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Wines in the press - November 6-8

Published:  10 November, 2009

The Guardian

Rioja is rarely said to be "sublime", says Victoria Moore. But the odd thing about Vina Arana Reserva La Rioja Alta 2001, (£16.45, Berry Bros), "is that on first sip it isn't so much Rioja you think of as red Burgundy. It reminded me of one of the most delicious wines I've ever been lucky enough to taste, a 2000 Clos des Lambrays", she adds.

Which usually costs £60, says Moore. Her opinion is that the similarity wasn't so much in the taste as in the texture and concludes that, "this is the smoothest, silkiest, most fluid of Riojas. It has the same racy flow, that flawless rush, you sometimes find in Riesling".

Moore says, "It's fair to say it's the first wine I've ever tasted that made me see why some might believe that Tempranillo is a hybrid of Pinot Noir and Cabernet Franc, a theory apparently disproved by DNA tests".

The Observer

Tim Atkin MW says he never fails to be surprised by the longevity of Clarets. "The best Clarets are in much better shape than I am. " He adds, he's also surprised about how light they taste. "Back in the 1960s, some of the greatest Médocs only had 11% alcohol.

Atkin says since I started writing about wine in the mid-1980s, alcohol levels have increased. But is now of the opinion the older he gets, the more he wants to drink wines that are "harmonious, refreshing and work well with food", rather than "pumped up, souped up, over-ripe monstrosities".

He suggests if you want to drink something at 12% or below then start with Loire Valley, northern Italy, the Mosel . But points out that he's excluding, "any wines that use technology (reverse osmosis or spinning cones) to remove alcohol, because they are invariably disgusting".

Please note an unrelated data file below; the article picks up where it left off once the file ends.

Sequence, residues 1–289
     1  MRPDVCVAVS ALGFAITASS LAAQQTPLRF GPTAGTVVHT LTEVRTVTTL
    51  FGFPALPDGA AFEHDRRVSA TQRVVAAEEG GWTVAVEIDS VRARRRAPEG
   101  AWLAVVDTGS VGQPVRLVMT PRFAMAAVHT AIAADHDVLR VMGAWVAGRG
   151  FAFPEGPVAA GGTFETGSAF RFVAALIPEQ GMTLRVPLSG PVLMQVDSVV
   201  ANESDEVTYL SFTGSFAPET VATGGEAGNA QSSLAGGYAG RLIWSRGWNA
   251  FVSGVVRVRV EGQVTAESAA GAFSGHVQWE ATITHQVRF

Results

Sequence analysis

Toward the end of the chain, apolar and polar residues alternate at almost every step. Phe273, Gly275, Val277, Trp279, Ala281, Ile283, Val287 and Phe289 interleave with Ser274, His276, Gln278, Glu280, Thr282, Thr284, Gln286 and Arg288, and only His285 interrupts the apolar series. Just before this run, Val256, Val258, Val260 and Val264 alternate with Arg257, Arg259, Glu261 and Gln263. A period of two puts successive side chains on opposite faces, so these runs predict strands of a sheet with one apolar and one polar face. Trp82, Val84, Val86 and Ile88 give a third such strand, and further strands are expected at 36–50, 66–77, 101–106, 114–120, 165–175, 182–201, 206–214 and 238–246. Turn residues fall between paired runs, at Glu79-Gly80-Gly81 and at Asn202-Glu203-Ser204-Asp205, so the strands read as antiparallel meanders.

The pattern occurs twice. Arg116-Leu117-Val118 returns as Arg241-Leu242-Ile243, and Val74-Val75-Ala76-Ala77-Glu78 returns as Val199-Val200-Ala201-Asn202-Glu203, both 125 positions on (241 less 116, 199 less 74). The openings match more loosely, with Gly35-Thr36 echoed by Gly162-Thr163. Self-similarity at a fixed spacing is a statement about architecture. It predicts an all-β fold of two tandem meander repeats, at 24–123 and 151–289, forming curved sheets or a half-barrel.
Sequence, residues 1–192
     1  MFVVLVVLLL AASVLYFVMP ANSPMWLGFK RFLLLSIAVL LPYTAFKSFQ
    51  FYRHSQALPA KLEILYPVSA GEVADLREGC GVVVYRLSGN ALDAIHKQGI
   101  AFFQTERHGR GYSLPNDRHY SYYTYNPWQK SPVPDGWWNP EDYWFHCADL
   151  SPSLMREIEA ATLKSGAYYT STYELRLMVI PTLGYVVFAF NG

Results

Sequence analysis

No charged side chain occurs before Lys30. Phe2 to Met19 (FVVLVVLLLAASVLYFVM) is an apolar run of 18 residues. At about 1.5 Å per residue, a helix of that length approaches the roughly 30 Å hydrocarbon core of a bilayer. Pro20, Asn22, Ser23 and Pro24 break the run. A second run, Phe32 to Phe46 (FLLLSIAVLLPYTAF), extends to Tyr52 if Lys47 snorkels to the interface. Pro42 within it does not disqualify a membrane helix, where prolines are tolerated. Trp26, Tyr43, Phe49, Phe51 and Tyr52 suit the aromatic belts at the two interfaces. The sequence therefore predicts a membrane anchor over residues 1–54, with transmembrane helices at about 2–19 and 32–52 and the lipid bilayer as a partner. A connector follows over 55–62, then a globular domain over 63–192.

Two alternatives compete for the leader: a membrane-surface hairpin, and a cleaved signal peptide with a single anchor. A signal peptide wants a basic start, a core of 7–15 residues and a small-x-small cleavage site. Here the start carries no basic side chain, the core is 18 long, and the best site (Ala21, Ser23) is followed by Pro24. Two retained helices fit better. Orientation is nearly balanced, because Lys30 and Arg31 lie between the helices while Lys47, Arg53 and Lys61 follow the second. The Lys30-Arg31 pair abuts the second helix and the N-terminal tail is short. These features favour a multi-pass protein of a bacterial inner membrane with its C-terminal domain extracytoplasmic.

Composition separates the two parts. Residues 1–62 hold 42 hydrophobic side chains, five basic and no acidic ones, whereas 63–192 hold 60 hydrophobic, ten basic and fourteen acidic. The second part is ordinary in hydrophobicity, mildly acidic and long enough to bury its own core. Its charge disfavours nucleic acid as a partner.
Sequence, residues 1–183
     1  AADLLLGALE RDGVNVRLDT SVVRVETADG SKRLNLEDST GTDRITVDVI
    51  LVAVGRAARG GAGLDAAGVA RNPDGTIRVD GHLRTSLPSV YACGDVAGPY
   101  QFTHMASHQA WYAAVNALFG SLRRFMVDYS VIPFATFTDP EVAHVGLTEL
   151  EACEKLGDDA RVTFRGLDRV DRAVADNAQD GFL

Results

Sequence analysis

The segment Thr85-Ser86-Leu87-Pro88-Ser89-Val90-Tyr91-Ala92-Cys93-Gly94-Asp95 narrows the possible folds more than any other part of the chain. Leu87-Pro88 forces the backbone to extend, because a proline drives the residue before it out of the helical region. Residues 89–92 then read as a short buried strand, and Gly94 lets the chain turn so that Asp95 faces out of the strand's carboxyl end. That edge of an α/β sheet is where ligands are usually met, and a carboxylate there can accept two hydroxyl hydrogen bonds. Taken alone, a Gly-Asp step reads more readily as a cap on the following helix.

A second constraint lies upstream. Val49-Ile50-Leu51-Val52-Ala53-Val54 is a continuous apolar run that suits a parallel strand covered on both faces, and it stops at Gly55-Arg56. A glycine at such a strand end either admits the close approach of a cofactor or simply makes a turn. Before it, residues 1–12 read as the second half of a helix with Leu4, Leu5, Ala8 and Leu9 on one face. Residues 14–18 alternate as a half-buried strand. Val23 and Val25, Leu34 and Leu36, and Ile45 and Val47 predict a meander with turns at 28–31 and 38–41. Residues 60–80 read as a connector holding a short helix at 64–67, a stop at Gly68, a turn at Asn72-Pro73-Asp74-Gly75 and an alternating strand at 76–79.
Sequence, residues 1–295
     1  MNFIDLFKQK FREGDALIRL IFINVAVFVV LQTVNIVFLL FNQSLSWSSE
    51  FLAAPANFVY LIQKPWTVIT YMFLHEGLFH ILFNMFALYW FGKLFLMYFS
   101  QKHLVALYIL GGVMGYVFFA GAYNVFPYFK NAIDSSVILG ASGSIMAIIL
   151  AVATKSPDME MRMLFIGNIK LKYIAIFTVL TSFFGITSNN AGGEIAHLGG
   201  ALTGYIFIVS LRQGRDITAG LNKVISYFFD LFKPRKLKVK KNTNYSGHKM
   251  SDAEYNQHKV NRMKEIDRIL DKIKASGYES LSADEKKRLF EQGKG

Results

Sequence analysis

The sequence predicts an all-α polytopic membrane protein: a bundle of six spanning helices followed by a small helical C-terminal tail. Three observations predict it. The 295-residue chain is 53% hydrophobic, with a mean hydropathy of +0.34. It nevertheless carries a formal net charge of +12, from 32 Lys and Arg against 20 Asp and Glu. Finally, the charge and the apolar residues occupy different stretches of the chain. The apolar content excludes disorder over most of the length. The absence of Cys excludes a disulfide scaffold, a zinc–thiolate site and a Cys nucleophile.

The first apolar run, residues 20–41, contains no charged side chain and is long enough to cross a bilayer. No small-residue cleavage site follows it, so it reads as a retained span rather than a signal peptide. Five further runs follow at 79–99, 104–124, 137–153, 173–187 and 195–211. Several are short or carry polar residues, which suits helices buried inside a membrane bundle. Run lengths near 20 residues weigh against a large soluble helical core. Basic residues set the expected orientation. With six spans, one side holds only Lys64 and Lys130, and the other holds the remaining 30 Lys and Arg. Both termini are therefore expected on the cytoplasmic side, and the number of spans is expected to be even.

Atkins recommendations are 2008 J&F Lurton Sauvignon Blanc, Les Fumés Blanches, Vin de Pays du Comté Tolosan (£5.99 each for two, 12%, Majestic).

The Times

Jane MacQuitty says winter finds her "cuddling up to a glass of sherry".

Contrary to popular opinion, MacQuitty says, sherry can be very food friendly. "The richest cream and Pedro Ximénez sherries are wondrous drunk with a slice of dark fruit cake, or poured over raisin and walnut ice cream."

She explains the drier, older amontillados turn a simple lunchtime plate of cheese or pâté into a meal, and sherry can and does go with soup," a culinary tradition beloved by the Victorians".

MacQuitty says "thankfully the sherry revival is slowly wooing contemporary drinkers". She adds,Sainsbury's now has four superior Taste the Difference sherries on shelf, including her favourite, "spicy, tangy, 12 Year Old Dry Amontillado and the finer 12 Year Old Sweet Pedro Ximénez (£6.49 50cl).

The Sunday Telegraph

Susy Atkins says, "you're armed with a fork in one hand, ready to advance on Diana Henry's fireside suppers, and now you need a glass of wine in the other".

She is trying to match flavour-packed dishes with ingredients such as chilli, coconut, beer and yogurt which she thinks all sound delicious, but are "possibly a wee bit unfriendly towards wine".

But on closer inspection she says the kayi korma has a "gentle, comforting appeal, with those soft vegetables and the luxury of creamy coconut". For which Atkins suggests an Australian Riesling or an Antipodean Sauvignon Blanc.

The Independent

Judging by Laithwaite's recent autumn tasting, "something for the better is going on", at the Reading-based branch, says Anthony Rose. "The buying team is stronger and more experienced than ever before and it seems to have taken on board that to compete with the Wine Societies of this world, you have to deliver not just bottles but quality at a reasonable price".

Rose says he enjoyed "the citrus-fresh zestiness" of the 2008 Pikes Prospector's Riesling/Viognier, (£8.99), and the "impressively full-flavoured, white-Burgundy butteriness", of the 2007 Domaine Dupré Mâcon-Villages, (£9.99).